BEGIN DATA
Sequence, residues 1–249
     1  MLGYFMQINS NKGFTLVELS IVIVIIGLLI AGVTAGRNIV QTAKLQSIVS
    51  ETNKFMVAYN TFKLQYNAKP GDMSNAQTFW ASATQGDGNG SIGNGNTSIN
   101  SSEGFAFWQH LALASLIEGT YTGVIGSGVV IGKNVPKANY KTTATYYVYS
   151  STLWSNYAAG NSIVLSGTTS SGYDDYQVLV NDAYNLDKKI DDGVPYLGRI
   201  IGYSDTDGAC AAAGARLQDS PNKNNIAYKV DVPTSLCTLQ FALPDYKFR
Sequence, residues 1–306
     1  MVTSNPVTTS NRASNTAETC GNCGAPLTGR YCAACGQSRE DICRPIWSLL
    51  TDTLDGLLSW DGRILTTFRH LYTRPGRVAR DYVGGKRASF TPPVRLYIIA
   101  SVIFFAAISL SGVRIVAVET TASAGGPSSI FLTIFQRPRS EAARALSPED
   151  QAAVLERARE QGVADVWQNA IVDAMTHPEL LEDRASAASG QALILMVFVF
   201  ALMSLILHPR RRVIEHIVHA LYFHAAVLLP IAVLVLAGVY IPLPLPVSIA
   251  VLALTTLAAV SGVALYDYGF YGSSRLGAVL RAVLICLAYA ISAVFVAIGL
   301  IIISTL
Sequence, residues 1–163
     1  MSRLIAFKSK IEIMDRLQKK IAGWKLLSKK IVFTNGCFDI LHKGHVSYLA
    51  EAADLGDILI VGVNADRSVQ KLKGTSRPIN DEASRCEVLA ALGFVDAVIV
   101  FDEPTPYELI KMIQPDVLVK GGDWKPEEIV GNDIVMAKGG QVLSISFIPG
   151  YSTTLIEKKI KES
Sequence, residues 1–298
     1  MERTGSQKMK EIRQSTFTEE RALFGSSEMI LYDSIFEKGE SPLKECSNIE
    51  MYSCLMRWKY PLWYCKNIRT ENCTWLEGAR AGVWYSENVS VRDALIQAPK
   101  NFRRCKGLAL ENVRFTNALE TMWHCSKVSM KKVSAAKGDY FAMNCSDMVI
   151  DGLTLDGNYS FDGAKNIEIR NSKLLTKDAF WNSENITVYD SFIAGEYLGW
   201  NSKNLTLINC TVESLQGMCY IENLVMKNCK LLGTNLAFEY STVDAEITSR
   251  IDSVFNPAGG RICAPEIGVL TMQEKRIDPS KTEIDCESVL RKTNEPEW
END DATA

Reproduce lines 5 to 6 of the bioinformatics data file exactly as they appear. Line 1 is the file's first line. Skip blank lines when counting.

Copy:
   151  STLWSNYAAG NSIVLSGTTS SGYDDYQVLV NDAYNLDKKI DDGVPYLGRI
   201  IGYSDTDGAC AAAGARLQDS PNKNNIAYKV DVPTSLCTLQ FALPDYKFR